REVEALED: Up to 60,000 homes to be powered by Rocky solar farm
A DEVELOPMENT application has revealed up to 60,000 homes could be powered by one of the nation's largest solar farms proposed for Bouldercombe.
Although the proposed 700ha site on Cherryfield Rd isn't regularly used for grazing, it is considered to be good quality agricultural land.
According to the application lodged with Rockhampton Regional Council, the proposal "will allow the underlying agricultural purpose of the land to be continued on an 'as needed' basis”.
The photovoltaic panels used for the plant will be placed on galvanised steel piles that will either be driven or screwed into the ground.
They will tilt to follow the sun as it tracks from east to west and are not expected to reach over 4m in height.
Only parts of the land are suitable for the panels, with one-third of the usable area expected to be covered in panels.
It is proposed the unused portion of the site can continue to be used for grazing, with the solar farm fenced off to protect infrastructure from the cattle.
The panels themselves are designed to have little environmental impact, meaning the site could be returned to grazing land once the plant is decommissioned.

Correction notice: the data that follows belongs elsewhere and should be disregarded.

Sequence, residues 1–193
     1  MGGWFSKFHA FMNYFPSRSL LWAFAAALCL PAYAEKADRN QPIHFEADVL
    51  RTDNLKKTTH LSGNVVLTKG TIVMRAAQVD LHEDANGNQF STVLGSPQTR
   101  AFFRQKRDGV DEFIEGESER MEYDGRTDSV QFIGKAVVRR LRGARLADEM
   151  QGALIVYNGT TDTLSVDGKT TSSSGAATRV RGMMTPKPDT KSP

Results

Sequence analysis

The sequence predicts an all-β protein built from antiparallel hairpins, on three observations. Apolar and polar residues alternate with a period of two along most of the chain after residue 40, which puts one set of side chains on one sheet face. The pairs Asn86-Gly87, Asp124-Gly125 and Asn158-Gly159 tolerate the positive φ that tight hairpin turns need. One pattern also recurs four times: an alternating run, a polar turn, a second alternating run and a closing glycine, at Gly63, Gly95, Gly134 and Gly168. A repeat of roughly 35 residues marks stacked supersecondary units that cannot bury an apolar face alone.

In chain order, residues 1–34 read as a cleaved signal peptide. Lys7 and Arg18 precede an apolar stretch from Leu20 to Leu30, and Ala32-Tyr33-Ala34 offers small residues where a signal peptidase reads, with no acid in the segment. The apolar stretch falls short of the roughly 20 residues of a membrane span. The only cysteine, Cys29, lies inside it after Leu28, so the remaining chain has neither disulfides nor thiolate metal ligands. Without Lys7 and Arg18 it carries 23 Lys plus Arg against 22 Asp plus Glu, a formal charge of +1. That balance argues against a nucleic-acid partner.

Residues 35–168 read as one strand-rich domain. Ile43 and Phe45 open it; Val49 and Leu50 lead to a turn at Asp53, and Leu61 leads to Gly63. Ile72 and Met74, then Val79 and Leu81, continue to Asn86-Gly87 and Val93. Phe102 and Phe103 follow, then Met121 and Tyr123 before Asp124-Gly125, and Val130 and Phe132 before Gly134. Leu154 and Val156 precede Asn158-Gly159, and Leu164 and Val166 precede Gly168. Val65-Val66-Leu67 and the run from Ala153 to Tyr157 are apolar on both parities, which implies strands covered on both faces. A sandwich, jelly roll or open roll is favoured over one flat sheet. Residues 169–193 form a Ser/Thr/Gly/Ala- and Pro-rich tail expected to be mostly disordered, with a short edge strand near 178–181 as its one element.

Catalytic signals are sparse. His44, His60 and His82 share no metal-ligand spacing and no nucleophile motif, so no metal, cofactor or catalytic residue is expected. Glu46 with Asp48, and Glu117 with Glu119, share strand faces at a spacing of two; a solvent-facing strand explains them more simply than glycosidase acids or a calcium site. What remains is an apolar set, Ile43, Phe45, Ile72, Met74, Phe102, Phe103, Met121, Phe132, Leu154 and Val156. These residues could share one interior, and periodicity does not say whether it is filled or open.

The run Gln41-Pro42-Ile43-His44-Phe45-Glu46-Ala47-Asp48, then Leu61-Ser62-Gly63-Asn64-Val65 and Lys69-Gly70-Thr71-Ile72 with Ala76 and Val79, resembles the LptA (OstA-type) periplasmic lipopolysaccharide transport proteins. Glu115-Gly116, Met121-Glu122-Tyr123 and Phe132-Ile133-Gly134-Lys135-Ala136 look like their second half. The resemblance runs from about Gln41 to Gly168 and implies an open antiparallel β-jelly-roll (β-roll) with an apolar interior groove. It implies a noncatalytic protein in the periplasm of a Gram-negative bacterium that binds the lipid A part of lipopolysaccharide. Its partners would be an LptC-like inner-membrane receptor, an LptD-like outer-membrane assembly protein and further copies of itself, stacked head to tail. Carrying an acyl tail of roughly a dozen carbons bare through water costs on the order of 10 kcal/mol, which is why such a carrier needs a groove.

The farm will utilise an existing substation on the Burnett Hwy frontage to feed power generated into the electricity network.
"Early estimates indicate the array will be in excess of 200MW and will produce over 284 GWh of electricity, which is enough to supply 50,000-60,000 Queensland homes,” the application states.
"The final output will depend on the types of panels secured for the project and the final installed capacity.”
Minimal heavy machinery will be required during construction, allowing for minimal disturbances to neighbouring properties.
Construction is expected to require a temporary site office, staggered delivery of shipping containers over a nine to 12 month period, pile driving equipment, trenching of underground cabling and preparation and installation of the kiosk transformer and associated upgrade to existing distribution lines.
The site will be accessed from a northern unnamed road reserve.
It is expected the site will see six to 11 return vehicle movements daily during the height of construction.
The site will have landscaped barriers along its borders to minimise the visual impact to neighbouring houses and the highway.
A landscape buffer of 7m is proposed for the Burnett Hwy boundary, with a mixture of shrubs and taller trees.